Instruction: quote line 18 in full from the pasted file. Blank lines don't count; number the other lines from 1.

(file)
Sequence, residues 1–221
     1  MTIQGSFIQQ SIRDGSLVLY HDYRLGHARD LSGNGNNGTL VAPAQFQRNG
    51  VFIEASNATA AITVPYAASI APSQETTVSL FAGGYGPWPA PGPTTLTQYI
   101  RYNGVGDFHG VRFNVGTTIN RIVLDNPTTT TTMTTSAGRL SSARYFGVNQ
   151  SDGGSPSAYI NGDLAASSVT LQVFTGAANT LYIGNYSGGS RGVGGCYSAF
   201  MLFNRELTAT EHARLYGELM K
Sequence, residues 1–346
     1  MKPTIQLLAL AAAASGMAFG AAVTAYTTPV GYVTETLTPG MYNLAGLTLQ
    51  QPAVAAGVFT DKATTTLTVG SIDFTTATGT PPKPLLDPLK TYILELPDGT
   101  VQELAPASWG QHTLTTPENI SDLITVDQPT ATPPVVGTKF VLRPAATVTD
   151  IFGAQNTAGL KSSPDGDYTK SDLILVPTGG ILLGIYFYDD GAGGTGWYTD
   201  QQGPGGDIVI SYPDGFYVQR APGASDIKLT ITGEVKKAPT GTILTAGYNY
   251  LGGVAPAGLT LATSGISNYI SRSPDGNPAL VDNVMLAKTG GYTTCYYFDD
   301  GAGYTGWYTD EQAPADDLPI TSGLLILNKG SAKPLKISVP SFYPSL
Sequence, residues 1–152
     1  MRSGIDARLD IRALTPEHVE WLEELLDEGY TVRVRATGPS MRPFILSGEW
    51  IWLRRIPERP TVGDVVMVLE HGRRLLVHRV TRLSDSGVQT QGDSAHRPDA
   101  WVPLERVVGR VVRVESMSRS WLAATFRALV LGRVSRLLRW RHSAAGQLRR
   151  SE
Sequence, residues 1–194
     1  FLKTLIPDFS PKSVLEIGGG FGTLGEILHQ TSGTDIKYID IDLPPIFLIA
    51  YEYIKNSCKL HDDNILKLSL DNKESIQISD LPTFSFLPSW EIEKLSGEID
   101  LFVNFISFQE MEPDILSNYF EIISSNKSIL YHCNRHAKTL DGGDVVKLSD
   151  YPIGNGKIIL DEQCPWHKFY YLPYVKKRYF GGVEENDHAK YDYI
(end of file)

   101  WVPLERVVGR VVRVESMSRS WLAATFRALV LGRVSRLLRW RHSAAGQLRR